I’m going to start this review of Moonlight by affirming something that you’ve either heard or, if you’ve seen the film, that you already know.
Moonlight is one of the best films of 2016. Many critics have declared it to be the best. When the Academy Award nominations are announced next month, Moonlight will receive several of them. Barry Jenkins will not only be the fourth black filmmaker to be nominated for best director but he may very well be the first to win. Personally, I would rate Arrival and Kubo and the Two Strings higher than Moonlight but I certainly won’t complain if Moonlight wins every Oscar that it’s nominated for. It’s a powerful and personal film, one that might make you cry and will definitely make you think. It sticks with you, from the brilliant opening to the powerful closing shot. In a weak year for films, Moonlight stands one of the few legitimately great releases of 2016.
Moonlight is a film in three parts, all dealing with the life of Chiron. Though he rarely speaks and often keeps his feelings hidden behind a wall of pain and deception, Chiron is one of the most fascinating characters that you’ll ever get to know. Growing up in Miami, he seems to be destined to be forever on the outside. In a country that protects whiteness and celebrates wealth, he’s black and he’s poor. In a social environment that values being hard and demands an almost cartoonish masculinity, Chiron is sensitive and gay.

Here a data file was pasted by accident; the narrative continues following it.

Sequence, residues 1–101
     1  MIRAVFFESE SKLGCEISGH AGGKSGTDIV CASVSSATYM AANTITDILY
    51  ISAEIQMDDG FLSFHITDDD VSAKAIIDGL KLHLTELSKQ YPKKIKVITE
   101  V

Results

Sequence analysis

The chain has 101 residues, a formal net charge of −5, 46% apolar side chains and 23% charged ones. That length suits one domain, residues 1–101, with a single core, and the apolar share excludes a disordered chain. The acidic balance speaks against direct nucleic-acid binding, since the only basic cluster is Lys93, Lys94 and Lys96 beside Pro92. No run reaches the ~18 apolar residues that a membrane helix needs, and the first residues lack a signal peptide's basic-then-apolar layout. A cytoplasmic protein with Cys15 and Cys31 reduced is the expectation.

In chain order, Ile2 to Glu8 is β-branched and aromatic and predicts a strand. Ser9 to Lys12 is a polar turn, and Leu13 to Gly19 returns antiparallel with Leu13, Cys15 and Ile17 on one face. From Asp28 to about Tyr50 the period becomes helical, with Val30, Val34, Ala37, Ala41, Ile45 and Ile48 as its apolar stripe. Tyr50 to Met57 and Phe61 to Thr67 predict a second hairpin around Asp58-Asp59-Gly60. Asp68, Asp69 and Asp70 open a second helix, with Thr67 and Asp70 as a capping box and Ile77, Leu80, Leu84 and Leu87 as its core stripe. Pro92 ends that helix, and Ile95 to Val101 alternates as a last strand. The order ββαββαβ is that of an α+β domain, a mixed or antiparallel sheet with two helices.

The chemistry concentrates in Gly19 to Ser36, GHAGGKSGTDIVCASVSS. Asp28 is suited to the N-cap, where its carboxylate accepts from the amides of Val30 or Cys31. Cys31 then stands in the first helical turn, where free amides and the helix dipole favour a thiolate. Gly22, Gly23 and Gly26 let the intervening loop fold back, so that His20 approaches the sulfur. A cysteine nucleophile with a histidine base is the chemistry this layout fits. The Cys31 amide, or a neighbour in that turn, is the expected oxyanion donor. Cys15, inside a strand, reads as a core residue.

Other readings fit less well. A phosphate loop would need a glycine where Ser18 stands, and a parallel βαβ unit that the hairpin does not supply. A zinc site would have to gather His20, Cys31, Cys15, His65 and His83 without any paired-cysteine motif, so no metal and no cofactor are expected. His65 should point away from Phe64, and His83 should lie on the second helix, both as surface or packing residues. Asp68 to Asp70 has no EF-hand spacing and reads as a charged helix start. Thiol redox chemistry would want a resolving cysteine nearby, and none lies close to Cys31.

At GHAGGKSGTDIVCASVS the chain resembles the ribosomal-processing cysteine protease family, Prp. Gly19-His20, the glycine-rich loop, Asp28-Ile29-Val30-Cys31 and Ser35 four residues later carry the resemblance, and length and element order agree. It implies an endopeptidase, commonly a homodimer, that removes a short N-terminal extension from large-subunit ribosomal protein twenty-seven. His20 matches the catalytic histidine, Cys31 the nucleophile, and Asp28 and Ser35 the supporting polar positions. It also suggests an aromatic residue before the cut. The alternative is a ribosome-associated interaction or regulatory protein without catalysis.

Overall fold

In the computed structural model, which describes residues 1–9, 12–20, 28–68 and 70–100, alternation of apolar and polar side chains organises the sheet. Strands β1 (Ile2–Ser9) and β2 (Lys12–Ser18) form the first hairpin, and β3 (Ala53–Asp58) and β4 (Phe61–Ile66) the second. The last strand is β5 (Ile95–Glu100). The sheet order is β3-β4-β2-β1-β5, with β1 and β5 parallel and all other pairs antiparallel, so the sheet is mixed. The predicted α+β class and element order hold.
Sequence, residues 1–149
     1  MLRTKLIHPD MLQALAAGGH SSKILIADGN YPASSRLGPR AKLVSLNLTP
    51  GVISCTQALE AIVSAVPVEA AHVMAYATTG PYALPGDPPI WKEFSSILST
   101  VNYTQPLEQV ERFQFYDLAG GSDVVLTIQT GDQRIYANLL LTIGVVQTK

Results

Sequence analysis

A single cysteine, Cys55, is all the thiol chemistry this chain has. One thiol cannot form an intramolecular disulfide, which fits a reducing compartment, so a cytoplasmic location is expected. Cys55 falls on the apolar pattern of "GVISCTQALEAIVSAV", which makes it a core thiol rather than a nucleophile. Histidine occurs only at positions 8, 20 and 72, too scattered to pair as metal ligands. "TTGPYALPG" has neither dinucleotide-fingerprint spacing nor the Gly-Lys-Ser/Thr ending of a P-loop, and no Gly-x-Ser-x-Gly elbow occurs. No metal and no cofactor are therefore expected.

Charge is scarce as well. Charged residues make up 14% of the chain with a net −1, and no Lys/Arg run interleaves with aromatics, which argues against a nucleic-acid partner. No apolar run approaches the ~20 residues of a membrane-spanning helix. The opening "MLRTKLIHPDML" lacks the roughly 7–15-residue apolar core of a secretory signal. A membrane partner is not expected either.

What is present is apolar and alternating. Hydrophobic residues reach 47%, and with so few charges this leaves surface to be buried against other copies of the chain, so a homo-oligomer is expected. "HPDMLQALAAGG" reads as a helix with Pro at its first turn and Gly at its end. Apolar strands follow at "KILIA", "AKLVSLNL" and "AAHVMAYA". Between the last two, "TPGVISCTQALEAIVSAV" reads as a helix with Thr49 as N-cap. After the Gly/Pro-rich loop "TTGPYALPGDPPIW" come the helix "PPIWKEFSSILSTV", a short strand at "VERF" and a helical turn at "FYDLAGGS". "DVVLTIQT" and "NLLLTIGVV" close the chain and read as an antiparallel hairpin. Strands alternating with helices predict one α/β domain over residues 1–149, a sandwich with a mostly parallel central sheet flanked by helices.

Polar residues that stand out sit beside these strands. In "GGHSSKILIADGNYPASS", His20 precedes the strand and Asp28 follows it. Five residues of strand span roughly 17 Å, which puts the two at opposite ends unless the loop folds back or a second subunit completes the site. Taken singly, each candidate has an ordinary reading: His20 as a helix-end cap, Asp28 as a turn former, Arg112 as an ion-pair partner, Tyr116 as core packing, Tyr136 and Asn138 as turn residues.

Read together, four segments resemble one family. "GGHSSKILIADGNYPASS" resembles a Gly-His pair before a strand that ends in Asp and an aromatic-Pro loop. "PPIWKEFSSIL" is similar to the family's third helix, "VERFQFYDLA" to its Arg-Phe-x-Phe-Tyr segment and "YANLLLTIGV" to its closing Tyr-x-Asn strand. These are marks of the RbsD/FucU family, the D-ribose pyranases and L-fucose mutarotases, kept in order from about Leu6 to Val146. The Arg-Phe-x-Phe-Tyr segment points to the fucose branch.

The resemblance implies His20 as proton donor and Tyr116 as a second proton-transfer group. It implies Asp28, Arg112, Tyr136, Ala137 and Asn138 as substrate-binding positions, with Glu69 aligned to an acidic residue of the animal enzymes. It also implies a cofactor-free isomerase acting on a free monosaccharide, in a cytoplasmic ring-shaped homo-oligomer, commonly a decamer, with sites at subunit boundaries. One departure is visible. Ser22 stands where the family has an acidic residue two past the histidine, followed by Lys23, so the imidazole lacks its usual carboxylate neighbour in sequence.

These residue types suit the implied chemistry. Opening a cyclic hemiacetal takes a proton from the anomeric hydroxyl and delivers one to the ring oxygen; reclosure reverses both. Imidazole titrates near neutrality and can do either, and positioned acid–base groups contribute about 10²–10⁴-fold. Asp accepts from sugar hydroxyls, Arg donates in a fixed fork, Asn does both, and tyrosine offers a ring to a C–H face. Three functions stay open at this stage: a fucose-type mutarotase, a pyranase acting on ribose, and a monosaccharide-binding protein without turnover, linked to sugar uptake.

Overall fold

When we first meet Chiron, he’s a child nicknamed Little and he’s played by Alex Hibbert. When we first see him, he’s fleeing both school bullies and a homelife that’s dominated by his abusive, crack-addicted mother, Paula (Naomie Harris, giving a brave and raw performance that reminds you of just how wasted she was in the role of Moneypenny in SPECTRE). The only positive influence in Chiron’s life is a Cuban drug dealer named Juan (Mahershala Ali, who gives a performance of amazingly subtle power) and Juan’s girlfriend, Teresa (Janelle Monae). Juan is the one who teaches Chiron how to swim. He’s the one who tells Chiron that he can be more than he realizes. Juan is the one who encourages Chiron to be himself, regardless of what the rest of the world demands that he be. And yet, Juan is also the one who sells the drugs that are destroying Chiron’s mom.
We also see Chiron as an awkward and withdrawn teenager and this time, he’s played by Ashton Sanders. Chiron struggles with his attraction to his best friend, Kevin (Jharrel Jerome) and does his best to avoid a terrifying bully named Terrel (Patrick Decile).
And finally, we meet Chiron as a muscular and sometimes menacing adult and he’s now played by Trevante Rhodes. It’s when we meet the adult Chiron that we suddenly understand why the film was structured the way that it was. As intimidating and noncommunicative as adult Chiron may be, we know who he really is. We know that he’s still the same kid who we first saw hiding inside an abandoned apartment. When Chiron received an unexpected phone call from Kevin (now played, quite poignantly, by Andre Holland), he’s forced to confront who he truly is. It leads to … well, I don’t know how to tell you what it leads to without spoiling the film for you. I will say that the film ends with a haunting image, one that will stick with you long after the film ends.
Moonlight is a heartfelt and incredibly moving film, one that will challenge all of your preconceived notions and one that will stick with you long after you see it. Brilliantly directed and acted, Moonlight is a film full of beautiful, haunting, and often dream-like images. (Cinematographer James Laxton is almost as important to the film’s success as director/screenwriter Barry Jenkins.) And you definitely should see it if you haven’t.
It’s one of the best of 2016.